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Identity Conflicts

Posted on Sunday, January 3, 2010 in queer, Theories

What do you do when your perceived notion of self conflicts with your true self? You thought you knew yourself well and something comes out of left field that completely shatters that theory. Do you evolve or hide? What does it say about you how you react?

For me, an identity conflicted year was when I was 22. I just realized I was a queerling and I always thought myself to be straight. It was part of how I defined myself. It completely shook my foundation. I already establish my identity as what was “me” and “not me.” I thought I had a nice neat package to present to the world when that presentation was wrong. So, faced with this, I accepted that I was a queerling, after a year of being confused by what I was feeling. I suppose I didn’t want to admit it to myself. It wasn’t the fact that I cared whether I was queer or not, it was more the fact that I had “defined” myself and the definition didn’t fit. I am happier for redefining myself and accepting myself for who I am.

Some people don’t accept themselves when they have realizations about their person that they might not like. I think this is the more painful route to take because they are always denying themself from being who they really are. It becomes a matter of keeping up appearances and putting skeletons in the closet. It becomes about acting and being an image rather than being you.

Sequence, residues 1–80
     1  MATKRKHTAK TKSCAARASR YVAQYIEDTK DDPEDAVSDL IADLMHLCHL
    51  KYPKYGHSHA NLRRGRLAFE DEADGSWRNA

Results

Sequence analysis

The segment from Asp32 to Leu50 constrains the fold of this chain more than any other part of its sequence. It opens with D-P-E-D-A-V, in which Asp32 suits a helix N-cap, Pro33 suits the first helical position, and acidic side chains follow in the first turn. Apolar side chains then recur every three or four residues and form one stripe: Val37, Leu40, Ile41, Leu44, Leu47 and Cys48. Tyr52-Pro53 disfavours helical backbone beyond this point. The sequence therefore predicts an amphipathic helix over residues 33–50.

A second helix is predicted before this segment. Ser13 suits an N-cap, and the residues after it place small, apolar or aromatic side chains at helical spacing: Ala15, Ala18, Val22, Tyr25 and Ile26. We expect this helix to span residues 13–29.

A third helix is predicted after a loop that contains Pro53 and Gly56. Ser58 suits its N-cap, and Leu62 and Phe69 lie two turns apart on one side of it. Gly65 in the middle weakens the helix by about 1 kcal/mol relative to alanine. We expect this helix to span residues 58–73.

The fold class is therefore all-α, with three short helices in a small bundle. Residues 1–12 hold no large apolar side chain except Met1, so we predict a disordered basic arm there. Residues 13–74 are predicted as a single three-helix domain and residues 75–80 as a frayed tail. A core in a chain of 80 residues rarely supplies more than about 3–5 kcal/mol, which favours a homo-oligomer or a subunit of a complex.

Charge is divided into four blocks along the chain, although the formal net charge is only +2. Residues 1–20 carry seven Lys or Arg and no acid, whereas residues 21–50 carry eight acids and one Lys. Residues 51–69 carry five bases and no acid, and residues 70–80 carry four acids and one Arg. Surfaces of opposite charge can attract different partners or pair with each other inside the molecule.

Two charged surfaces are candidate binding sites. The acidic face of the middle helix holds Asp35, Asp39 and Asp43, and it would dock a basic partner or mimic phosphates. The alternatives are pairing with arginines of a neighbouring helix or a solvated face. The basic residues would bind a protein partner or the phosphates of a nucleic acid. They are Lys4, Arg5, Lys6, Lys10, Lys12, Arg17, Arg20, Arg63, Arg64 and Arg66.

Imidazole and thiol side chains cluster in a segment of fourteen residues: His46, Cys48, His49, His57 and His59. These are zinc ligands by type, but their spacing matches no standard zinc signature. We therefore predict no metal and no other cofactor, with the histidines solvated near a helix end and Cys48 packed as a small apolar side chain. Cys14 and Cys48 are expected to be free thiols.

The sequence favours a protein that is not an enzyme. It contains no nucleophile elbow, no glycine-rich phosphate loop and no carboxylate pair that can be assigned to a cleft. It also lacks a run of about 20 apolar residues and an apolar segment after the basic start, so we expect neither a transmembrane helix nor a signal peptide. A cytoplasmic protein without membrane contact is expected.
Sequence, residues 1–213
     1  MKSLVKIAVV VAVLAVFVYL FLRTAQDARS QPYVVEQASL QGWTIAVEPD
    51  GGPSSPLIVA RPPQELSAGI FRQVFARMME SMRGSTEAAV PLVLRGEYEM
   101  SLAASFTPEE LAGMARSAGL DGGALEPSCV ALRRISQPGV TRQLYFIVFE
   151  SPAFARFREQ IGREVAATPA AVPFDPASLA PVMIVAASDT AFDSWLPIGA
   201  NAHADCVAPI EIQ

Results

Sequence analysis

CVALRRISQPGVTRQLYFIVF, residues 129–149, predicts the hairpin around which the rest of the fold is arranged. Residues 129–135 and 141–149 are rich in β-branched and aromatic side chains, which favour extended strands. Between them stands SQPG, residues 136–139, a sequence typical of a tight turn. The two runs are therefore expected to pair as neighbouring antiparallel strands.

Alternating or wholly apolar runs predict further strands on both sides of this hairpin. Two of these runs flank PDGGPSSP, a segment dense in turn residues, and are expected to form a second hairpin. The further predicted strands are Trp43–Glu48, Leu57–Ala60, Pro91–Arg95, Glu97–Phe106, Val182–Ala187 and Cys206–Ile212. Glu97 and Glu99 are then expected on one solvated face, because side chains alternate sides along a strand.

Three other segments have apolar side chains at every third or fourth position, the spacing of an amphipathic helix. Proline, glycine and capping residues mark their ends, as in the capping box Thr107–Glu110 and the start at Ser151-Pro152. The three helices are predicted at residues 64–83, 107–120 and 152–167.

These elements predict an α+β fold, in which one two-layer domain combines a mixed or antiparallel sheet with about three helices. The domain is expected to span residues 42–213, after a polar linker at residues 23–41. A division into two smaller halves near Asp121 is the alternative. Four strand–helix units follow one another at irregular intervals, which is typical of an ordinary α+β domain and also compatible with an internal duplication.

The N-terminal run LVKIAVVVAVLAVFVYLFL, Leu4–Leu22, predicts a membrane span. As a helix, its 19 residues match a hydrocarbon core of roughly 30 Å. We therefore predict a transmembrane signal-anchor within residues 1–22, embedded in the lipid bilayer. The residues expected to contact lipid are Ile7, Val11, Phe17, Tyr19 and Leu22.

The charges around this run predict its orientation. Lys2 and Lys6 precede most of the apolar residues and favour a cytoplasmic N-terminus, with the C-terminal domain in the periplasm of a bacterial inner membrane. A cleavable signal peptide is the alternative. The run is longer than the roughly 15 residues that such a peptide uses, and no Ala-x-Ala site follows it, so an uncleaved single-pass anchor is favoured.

What do you have to lose by being yourself? What do you stand to gain? By denying yourself being yourself, you lose true connections. Everything is fake because it is all an act. Whereas, if you are yourself without holding back, you have freedom to be you. Your connections are real – since there is no inhibitions on your part.

I’ve only been drunk once in my life and I learned from that experience that I wanted to be as free sober as I was drunk. I didn’t want to be dependent on a substance to show my true colors or blame it when something was improper. I wanted to be me – all the time.

I used to play the game with keeping up appearances to be what I thought people wanted me to be and not being myself. I just got to the point I couldn’t handle such fakery anymore. I stopped playing the game. I lost some, gain more, and now I am much happier for it. I can wake up in the morning and face myself for who I am – not who I want to be – I am my ideal self.

It takes a lot of working on yourself to get to the ideal state. But, really, what is more important in this world than working on making yourself the best you can be? So often people settle for an image that is being sold to them rather than figuring things out for themselves. It’s a harder path to take but in the end is much more fulfilling.

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